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RailTel Corporation IPO: All You Need to Know

Editor, TRANSFIN.
Mar 2, 2021 5:56 PM 5 min read
Editorial

RailTel Corporation of India listed at a premium on the bourses today.

At market close, RailTel’s stock traded 29.1% higher at ₹121.35 ($1.67) apiece on the BSE vis-a-vis its issue price band of ₹93-94 ($1.29) per share, defying the selloff that plagued the larger market.

The state-owned enterprise’s ₹819cr ($113m) IPO was an offer for sale for 87,153,369 equity shares and was subscribed 42 times as of Friday.

What is RailTel Corporation?

It is an Information and Communication Technology (ICT) infrastructure-providing PSU. Incorporated in 2000, it provides telecom infrastructure along the country’s railway lines and at railway stations.

FYI: Before 2000, the Railways’ communication needs were largely met by BSNL, ergo the Department of Telecom. Over time, to increase efficiency, the Ministry of Railways began building its own networks. These endeavours culminated in the founding of RailTel as the sole telecom corporation responsible for building a nationwide broadband multimedia telecommunication network.

  • The Mini Ratna i.e. Category I Central Public Sector Enterprise has exclusive rights over 67,415 route kilometers, connecting 7,321 railway stations, for laying optical fiber cable.
  • The company offers a high-capacity bandwidth of up to 800G at 87 locations in India.
  • In addition to leased line and VPN facilities, it also provides strategic and critical network infrastructure to the Government, both at the Centre and the States.
  • It also possesses a retail broadband network through the “RailWire” platform.
  • 64% of its revenue is derived from its Income from telecom services (64%) while the rest includes income from projects.

 

Fast Stats

Coming to RailTel’s IPO (link to RHP), it is the seventh issue this year, and the second from a Government-owned entity. Indian Railway Finance Corporation (IRFC), the market borrowing arm of the Indian Railways, opened its public issue valued at ₹4,633cr ($633.3m) a month ago. Previous Railway IPOs include IRCTC, IRCON, RVNL and RITES.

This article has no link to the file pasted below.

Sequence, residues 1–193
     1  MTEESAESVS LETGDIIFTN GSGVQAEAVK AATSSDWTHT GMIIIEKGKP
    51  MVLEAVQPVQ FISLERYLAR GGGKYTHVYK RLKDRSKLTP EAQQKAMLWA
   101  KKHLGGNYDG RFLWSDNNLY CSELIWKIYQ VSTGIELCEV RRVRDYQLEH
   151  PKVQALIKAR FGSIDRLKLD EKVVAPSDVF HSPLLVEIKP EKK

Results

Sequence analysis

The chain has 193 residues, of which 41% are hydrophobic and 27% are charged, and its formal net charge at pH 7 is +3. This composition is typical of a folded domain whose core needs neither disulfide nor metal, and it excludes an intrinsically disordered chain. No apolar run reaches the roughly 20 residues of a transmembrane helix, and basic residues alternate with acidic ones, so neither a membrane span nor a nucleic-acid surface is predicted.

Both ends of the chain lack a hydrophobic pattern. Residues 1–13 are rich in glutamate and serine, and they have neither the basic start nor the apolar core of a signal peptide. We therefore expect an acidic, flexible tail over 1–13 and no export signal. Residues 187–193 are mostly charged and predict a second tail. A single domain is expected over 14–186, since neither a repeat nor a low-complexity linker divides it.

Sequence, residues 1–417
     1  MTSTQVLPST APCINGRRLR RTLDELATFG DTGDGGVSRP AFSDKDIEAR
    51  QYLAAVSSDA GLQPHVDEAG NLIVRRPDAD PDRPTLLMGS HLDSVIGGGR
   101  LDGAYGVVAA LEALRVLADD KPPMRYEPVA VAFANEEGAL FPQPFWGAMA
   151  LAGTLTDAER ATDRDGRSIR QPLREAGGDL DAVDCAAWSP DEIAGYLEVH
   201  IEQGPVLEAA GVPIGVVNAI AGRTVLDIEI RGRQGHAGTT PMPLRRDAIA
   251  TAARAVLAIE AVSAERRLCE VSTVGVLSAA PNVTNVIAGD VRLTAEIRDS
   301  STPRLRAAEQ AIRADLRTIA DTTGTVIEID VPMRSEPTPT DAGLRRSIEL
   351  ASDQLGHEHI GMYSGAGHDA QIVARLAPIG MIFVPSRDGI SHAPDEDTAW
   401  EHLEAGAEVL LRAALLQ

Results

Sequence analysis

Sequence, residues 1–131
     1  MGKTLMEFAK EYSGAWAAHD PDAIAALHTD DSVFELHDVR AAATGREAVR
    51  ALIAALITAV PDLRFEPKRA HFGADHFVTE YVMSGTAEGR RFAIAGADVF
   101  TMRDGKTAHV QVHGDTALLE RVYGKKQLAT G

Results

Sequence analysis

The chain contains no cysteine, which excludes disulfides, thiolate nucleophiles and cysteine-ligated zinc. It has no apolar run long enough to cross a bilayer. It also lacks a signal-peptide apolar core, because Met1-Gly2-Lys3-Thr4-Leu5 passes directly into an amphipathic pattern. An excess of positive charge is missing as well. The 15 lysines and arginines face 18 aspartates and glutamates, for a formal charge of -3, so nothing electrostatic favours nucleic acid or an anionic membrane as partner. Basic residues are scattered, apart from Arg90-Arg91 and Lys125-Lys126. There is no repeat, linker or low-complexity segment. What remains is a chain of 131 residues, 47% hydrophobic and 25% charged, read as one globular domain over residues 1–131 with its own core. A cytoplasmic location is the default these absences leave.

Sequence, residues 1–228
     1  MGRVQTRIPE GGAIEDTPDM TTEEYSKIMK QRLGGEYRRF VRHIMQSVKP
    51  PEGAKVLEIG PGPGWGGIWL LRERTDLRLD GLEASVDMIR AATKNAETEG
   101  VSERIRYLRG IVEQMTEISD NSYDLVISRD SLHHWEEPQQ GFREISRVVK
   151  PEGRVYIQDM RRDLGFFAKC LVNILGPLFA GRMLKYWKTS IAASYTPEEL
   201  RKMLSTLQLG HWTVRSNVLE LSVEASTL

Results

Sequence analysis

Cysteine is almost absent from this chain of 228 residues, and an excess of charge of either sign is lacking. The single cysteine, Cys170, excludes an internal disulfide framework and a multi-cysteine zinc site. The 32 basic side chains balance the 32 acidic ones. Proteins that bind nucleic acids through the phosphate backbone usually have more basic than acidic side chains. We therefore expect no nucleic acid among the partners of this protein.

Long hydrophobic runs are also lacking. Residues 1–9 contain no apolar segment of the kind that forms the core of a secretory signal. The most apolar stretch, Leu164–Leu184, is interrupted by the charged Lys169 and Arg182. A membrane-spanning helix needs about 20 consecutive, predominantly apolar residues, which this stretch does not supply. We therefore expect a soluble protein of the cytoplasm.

• The issue was open for subscription between February 16th and February 18th at a face value of ₹10 ($0.14) per equity share.
  • Qualified institutional buyers (QIBs) subscribed 65.14 times the quota limit, non-institutional investors bade 73.25 times, and retail individual investors bade 16.78 times the quota limit.
  • At the upper price band of ₹94, it is available at a P/E of 21.4x (FY20 basis) or closer to 27.6x by the end of the day. Wireline heavy Tata Communications and Airtel trade at 40x+ on a year out projected earnings with Vodafone-Idea P/E somewhat meaningless at this time. 
  • The pre-issue shareholding of the promoter (President of India) was 100%; post-issue, this fell to 72.84%.

Going forward, RailTel plans to expand its telecom services and diversify into services and solutions.

 

Opportunities

RailTel is one of the largest telecom infrastructure providers in India. It has 305,746 retail customers and 5,023 Access network providers (ANPs) And its pan-India optic fiber network covers all important towns and cities, both urban and rural, reaching 70% of the population.